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Pizzerias hopping, taverns laid back on Super Bowl Sunday in Schenectady

Pizzerias hopping, taverns laid back on Super Bowl Sunday in Schenectady

The Super Bowl is the perfect time for a party, and there was no shortage on Sunday evening.
Pizzerias hopping, taverns laid back on Super Bowl Sunday in Schenectady
Tony Martin takes a pizza out of the oven at Isopo's Downtown Pizza on Super Bowl Sunday, February 2, 2014.
Photographer: Patrick Dodson

Dante Isopo measures pizza by the 50-pound bag of flour.

On a regular Sunday, the cooks at Isopo’s Downtown Pizza on Erie Boulevard turn one 50-pound sack into dough, then into roughly 100 pizzas. This particular Sunday, two football teams from thousands of miles away met in a stadium only a few hundred miles away for the Super Bowl, so flour usage skyrocketed.

“We’ll use four bags today,” Isopo said. “So you’re talking 200 pounds worth of pizza.”

Sunday night the Seattle Seahawks met the Denver Broncos in MetLife Stadium in New Jersey. Both teams are headquartered many states west of Schenectady, but that didn’t seem to diminish the number of local Super Bowl gatherings. It certainly didn’t slow the delivery rush at Isopo’s.

An hour before the game, the place was dense with the smell of melting cheese. Delivery drivers rushed for boxes and cook Tony Martin gripped pizza peels in both hands, moving pies around the great oven in a rotating jigsaw puzzle of crust and cheese to keep them from getting singed.

“You have to keep them flowing through,” he said, adjusting the moist bandana over his perspiring forehead.

The Super Bowl is for Isopo’s what Valentines Day or Mother’s Day is for more formal restaurants.

“This is it,” Isopo said. “We’re running on fumes.”

But that wasn’t the case everywhere. Katie O’Byrnes, a short distance down Erie, was home to a significantly more relaxed atmosphere.

“Thank God, the Giants aren’t playing,” said pub owner J.P. Malone. “If they were playing we’d be mobbed.”

He sat on a bar stool at the end of a buffet table and chatted with regulars. He had an employee tending bar, freeing him up to actually watch the game.

The bar itself was crowded, but tables sat empty. Malone theorized the relatively light turnout was caused by a lack of local Seahawks/Broncos fans, along with the nature of the Super Bowl itself.

“People tend to have Super Bowl parties in their homes,” he said.

Rachel Battagilioni sat with a group of friends at the end of Malone’s bar enjoying a draft Guinness and some roast beef.

“I don’t actually care about these teams,” she said, “but I’m pulling for the Seahawks because I have a dear friend who’s a fan.”

The disconnect, she said, allowed for a low-stress game-day experience. There was food and beer without the risk of a depressing home-team defeat.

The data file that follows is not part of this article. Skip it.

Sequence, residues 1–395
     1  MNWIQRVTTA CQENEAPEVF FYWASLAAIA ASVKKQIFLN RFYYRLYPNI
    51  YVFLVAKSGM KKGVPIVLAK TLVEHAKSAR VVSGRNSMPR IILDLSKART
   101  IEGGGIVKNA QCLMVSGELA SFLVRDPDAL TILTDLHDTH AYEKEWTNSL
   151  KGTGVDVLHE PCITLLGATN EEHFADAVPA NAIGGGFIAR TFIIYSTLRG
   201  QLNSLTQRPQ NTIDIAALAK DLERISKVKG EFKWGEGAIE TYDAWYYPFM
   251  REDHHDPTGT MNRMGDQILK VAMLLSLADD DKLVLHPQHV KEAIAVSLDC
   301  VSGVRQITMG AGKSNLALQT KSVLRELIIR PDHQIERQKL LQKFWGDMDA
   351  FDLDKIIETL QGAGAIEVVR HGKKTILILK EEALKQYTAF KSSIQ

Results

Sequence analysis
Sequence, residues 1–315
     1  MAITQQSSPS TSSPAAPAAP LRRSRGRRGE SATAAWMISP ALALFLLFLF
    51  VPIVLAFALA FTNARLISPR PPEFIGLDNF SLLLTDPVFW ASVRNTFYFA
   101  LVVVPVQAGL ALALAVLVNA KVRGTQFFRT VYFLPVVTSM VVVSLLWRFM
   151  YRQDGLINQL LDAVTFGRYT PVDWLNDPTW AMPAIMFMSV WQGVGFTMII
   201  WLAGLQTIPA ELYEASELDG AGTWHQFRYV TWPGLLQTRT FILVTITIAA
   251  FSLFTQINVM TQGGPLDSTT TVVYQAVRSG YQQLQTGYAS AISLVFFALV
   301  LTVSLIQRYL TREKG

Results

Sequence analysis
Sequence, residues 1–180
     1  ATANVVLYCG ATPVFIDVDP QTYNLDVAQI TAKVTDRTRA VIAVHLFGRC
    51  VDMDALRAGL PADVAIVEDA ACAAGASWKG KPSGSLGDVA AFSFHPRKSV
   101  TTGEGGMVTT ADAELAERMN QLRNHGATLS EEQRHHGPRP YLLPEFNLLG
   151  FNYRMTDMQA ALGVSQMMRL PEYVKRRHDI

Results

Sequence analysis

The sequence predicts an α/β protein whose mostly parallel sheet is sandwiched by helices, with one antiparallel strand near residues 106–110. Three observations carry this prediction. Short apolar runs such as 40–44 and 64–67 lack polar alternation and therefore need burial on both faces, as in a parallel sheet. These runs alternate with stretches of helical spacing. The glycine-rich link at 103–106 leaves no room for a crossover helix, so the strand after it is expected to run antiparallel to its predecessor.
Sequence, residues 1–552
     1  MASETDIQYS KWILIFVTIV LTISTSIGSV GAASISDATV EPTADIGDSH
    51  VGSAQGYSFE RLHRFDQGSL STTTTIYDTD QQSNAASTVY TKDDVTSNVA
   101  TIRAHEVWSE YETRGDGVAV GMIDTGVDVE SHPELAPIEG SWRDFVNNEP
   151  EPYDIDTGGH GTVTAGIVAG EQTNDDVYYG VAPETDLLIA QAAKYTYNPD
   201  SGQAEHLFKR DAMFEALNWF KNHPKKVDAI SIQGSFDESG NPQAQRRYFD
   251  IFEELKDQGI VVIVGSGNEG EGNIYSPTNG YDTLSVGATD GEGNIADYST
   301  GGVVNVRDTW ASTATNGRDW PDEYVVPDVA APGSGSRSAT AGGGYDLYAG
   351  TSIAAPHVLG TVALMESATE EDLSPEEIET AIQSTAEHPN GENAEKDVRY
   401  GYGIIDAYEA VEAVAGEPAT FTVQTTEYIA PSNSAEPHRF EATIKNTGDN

“It’s definitely more relaxed,” she said.

Scott Gregory over at the 20 North Broadway Tavern had a different theory on the game.

“Everyone here has some sort of stupid bet on this game,” he said.

While few if any of the crowd eating, drinking and watching the big screens at his favorite bar actually followed either team, Gregory explained financial wagers, even small ones, kept everyone invested.

As he spoke, the game finally began, a pair of huge padded men colliding on a corner TV screen. Shouts and cheers rang through the bar.

“Oh, that’s going to make things more complicated,” he said, paging through a sheet of possible bets, after Seattle scored two points on a safety.

Gregory had money on the Broncos. More specifically, he had money on Broncos quarterback Peyton Manning — which seemed to be a theme of the night.

“I make no bones about it,” said tavern owner Dave Nigriny “It’s Manning. He’s just a class act.”

The 20 North Broadway Tavern was jammed up with locals. Like Malone, Nigriny said the Super Bowl isn’t the bar-centric event most people think. Most people, he said, host house parties. He got around the problem by just turning his tavern into a sort of home away from home.

“This is just a party,” he said. “It’s not even a money-maker.”

Hours before opening, he had pounds of brisket and pulled pork bubbling in crock pots — all free for game-day patrons. Regulars even showed up with their own dishes.

A guy named Eddy brought meatballs. Someone’s girlfriend made taco dip.

“My mother made deviled eggs,” Nigriny said.

By the time players actually took the field, the tavern’s back corner was piled with pot-luck food. The fresh smell of barbecue joined the fragrance of all the drinks spilled over the years and a decidedly festive mood spread through the room.

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